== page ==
Fireman told he'd be shot in station row, court hears
A FIREFIGHTER allegedly threatened to shoot a co-worker in the head in a row over what radio station to put on.
Karl Finlay (36) of Oldbawn Way, Tallaght, has pleaded not guilty to threatening to kill or cause serious harm to Derek Dowling at Donnybrook Fire Station, Donnybrook, Dublin, on April 5, 2011.
Mr Dowling told Shane Costelloe, prosecuting, that he and Finlay were on kitchen duties together and that Finlay became "irate" when Mr Dowling changed the station on the kitchen radio.
He said the accused came across the kitchen and was screaming and shouting at him.
He said Finlay came right up to his face and "squared up" to him and put his head down on his forehead.
The alleged victim told Dublin Circuit Criminal Court that the two men were then separated by firefighter JJ O'Callaghan. Finlay left but came back an hour later.
Mr Dowling said the accused began arguing with him again and was saying: "Go on hit me, hit me, I'll have your job".
He said Finlay then made a reference to Mr Dowling's deceased brother who hanged himself a year previously.
He said Finlay made the gesture of a hanging noose and called Mr Dowling's brother and family "scumbags".
He claimed he put his hand in the shape of a gun and said he would put a bullet in his head and shoot the rest of his family.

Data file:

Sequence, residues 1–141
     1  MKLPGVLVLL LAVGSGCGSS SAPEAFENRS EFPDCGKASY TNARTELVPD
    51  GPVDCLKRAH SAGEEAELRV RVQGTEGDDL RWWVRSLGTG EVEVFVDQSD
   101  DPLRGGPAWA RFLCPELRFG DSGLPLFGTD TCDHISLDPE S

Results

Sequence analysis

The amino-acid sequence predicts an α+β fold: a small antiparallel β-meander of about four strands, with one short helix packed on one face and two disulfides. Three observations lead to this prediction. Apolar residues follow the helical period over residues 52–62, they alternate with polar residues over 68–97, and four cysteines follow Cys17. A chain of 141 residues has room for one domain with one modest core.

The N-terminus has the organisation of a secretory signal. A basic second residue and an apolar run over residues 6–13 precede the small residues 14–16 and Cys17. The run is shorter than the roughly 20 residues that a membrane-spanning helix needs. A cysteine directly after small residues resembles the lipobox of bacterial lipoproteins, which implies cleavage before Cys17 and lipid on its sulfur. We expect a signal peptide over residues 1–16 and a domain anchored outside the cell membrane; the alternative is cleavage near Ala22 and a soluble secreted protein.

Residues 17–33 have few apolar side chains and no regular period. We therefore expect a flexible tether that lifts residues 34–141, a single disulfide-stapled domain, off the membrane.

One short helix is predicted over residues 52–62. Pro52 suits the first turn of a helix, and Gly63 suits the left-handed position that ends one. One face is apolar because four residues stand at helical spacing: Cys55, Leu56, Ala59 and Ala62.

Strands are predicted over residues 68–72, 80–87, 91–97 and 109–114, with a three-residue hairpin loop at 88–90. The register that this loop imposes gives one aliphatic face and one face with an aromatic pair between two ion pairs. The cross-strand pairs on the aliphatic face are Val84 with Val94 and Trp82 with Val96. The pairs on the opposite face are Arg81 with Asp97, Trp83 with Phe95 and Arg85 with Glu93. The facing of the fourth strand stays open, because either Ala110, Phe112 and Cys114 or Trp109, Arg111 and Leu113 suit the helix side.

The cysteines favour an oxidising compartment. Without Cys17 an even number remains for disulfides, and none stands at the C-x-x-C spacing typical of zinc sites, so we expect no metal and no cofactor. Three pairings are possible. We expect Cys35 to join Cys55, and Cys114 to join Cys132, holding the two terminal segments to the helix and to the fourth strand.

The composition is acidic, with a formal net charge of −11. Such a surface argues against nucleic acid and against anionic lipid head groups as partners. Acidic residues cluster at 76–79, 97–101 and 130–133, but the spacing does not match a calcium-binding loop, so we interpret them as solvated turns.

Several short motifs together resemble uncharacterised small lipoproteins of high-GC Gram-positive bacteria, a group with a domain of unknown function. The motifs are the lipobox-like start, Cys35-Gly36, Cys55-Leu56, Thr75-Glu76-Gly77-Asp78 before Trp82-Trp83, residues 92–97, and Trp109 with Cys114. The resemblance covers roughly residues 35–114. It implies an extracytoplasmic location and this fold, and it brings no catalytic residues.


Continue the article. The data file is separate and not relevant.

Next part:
He said Finlay then left the station house and that he was concerned that he was going to get a gun.
He told the court the accused had served with the Irish army and described him as having a "fixation" with guns.
The court heard that the accused had often talked about owning handguns and a rifle and had once brought a handgun into the station. Mr Dowling said he was upset, sickened and scared by the alleged threats. He denied that at one stage he put his hands on Finlay's throat. He agreed that the firemen worked long hours in "exceptionally tense" situations and "got to know each other like brothers".
Under cross-examination he denied putting his hands on Finlay's throat during the row. He also denied that he waited 10 days before making a complaint to gardai because he did not take the threats seriously.
He told defence counsel, David Hegarty, that he went straight to his doctor after the row and later moved his fiancee out of their home for a week because of his fears.
He said he went to gardai after being advised by the Fire Brigade that there was nothing they could do about the matter.
The court heard that disciplinary proceedings were on hold pending the results of the criminal investigation.
The trial continues before Judge Desmond Hogan and a jury of six men and six women.